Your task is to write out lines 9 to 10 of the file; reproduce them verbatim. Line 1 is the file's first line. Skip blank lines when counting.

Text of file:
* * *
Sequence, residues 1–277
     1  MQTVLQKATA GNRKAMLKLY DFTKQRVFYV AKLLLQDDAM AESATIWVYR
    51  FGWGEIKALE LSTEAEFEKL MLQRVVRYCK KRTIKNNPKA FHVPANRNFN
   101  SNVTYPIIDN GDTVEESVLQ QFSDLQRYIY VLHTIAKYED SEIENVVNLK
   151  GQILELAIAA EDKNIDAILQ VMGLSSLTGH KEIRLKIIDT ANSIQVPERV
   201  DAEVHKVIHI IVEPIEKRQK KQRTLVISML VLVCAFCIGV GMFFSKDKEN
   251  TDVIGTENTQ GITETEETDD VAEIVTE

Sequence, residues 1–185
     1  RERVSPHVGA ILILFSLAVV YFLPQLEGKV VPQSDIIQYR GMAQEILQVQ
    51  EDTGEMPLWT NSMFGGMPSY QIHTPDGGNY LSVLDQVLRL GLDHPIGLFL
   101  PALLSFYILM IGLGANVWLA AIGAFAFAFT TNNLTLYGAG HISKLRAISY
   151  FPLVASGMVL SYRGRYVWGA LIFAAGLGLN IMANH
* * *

     1  RERVSPHVGA ILILFSLAVV YFLPQLEGKV VPQSDIIQYR GMAQEILQVQ
    51  EDTGEMPLWT NSMFGGMPSY QIHTPDGGNY LSVLDQVLRL GLDHPIGLFL